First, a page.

I read one of these essays daily, and as with all anthologies, there are some I liked better than others, but there was at least a nugget I took away from each.

Immigrants come here for all kinds of reasons, and immigrants are not just people of color. I read somewhere once that there are biological/evolutionary reasons to fear/hate the other - just look at what happened to most native peoples when others showed up as an example - but we are living in a moment of intense "othering" that should c
If there is a list of "Books Every White American Should Read," this should be on it. There is a lot of nuance that's absent from the mainstream immigration conversation, and an anthology like this highlights that, in these essays on wide-ranging immigrant experiences. It should be common sense that a Mexican immigrant doesn't face the same challenges or treatment as, say, an Indian immigrant, and that comes through very clearly in these writers' stories. I also appreciate many of these essays s ...more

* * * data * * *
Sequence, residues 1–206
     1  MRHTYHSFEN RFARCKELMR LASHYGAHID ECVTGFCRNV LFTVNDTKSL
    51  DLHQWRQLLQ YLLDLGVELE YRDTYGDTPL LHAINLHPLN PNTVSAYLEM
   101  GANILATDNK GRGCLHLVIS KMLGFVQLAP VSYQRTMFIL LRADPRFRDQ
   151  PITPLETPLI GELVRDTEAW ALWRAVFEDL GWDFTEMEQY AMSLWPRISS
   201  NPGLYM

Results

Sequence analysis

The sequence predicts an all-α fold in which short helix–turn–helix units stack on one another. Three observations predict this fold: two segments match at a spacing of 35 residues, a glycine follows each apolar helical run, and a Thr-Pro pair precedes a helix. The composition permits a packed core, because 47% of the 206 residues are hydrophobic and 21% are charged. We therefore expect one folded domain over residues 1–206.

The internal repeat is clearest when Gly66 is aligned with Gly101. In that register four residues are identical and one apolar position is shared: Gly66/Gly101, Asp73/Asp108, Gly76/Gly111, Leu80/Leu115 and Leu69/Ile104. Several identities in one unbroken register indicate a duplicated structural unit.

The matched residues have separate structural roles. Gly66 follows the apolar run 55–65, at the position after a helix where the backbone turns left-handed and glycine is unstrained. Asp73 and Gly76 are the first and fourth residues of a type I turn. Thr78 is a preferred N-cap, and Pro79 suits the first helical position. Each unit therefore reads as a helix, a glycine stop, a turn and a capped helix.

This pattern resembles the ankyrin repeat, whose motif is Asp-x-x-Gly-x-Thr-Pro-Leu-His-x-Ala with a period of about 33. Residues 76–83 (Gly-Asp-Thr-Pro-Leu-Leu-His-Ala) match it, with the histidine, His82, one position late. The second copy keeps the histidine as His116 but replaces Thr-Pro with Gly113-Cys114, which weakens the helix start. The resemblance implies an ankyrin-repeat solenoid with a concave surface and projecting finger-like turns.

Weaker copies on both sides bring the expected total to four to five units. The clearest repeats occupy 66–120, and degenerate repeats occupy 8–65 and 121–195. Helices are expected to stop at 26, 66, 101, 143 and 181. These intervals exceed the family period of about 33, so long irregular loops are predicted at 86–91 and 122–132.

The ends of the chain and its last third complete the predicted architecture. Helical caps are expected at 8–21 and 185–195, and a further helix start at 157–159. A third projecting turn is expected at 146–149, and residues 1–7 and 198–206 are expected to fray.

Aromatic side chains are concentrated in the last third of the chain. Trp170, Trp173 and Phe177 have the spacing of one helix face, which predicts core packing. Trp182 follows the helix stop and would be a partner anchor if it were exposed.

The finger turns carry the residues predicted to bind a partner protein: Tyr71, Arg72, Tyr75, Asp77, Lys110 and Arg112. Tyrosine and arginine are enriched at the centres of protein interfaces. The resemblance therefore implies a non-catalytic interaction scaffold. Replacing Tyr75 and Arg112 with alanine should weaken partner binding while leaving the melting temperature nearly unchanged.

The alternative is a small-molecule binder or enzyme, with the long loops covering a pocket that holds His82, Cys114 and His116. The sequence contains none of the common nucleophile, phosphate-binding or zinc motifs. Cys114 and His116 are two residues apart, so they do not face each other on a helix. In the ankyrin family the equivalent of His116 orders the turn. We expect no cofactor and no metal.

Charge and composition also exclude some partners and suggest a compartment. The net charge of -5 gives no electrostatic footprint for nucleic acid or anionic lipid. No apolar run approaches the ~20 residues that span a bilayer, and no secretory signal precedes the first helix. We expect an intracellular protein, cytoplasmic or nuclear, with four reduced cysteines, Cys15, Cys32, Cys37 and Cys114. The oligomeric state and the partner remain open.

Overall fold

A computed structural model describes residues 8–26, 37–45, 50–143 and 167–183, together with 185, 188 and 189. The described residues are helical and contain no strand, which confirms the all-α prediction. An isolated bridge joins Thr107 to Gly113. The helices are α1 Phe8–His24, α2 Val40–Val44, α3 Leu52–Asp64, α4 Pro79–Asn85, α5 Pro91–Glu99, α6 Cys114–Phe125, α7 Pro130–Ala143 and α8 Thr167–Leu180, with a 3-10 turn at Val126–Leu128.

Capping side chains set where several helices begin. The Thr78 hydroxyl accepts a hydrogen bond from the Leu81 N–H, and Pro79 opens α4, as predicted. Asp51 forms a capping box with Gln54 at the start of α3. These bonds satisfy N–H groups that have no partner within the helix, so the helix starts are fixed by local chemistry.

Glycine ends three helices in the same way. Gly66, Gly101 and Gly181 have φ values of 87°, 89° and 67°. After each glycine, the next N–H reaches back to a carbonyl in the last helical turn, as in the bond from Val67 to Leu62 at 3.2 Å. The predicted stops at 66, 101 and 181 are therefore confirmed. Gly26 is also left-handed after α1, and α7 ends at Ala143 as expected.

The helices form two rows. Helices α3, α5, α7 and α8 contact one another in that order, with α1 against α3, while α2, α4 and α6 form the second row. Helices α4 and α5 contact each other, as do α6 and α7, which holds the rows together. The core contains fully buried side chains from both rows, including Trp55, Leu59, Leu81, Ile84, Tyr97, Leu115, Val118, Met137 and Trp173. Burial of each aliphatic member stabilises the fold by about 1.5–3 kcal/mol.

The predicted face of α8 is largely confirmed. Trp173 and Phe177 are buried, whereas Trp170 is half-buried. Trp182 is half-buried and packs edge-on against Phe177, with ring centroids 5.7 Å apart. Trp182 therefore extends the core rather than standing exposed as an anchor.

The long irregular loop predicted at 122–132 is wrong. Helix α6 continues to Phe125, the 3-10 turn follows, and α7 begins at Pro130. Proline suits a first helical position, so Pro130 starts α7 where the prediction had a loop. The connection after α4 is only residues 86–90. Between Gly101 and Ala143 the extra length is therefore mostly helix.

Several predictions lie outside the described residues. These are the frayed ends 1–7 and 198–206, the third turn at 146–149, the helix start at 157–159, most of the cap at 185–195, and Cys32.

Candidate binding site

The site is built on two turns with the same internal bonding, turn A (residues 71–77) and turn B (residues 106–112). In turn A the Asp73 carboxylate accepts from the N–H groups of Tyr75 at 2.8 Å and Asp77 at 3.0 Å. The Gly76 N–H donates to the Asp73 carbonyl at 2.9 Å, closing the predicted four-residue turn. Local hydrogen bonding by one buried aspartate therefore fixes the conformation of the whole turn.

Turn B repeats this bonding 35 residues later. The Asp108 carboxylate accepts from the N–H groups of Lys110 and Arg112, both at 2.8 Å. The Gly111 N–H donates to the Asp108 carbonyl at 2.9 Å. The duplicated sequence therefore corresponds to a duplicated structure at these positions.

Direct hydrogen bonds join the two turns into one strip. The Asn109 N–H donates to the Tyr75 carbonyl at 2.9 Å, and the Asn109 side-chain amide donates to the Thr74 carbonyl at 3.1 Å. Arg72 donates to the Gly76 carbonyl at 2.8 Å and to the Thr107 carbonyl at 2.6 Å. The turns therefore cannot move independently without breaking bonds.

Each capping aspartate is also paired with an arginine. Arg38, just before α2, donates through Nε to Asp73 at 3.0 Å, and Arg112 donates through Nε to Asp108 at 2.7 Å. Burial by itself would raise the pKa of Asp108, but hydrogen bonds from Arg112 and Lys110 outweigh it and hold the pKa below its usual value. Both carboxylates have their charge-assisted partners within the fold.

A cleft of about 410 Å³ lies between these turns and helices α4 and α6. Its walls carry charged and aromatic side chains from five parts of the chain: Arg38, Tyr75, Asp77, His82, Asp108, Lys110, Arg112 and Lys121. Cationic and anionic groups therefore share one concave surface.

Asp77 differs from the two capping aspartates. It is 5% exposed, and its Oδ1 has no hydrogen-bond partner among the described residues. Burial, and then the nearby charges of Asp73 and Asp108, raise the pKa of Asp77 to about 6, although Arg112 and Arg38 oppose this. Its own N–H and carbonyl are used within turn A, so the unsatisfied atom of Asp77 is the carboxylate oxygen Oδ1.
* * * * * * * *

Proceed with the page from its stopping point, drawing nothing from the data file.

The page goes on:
Papatia Feauxzar
Mar 02, 2019 rated it really liked it  ·  review of another edition
Finally, an American immigrant book I can relate to.
Apr 26, 2019 rated it it was amazing  ·  review of another edition
this felt even more powerful and poignant than the original british anthology, in part because of its driven politics (i believe the UK anthology was published post-Brexit but pre-Trump), in part because of the diversity of its writers in ethnicity, style, experience and occupation, which made every piece feel even more focused. it's very hard to pick a favourite (or even multiple favourites) because everything pretty much blew me away. it's also serves as a good introduction to authors of color ...more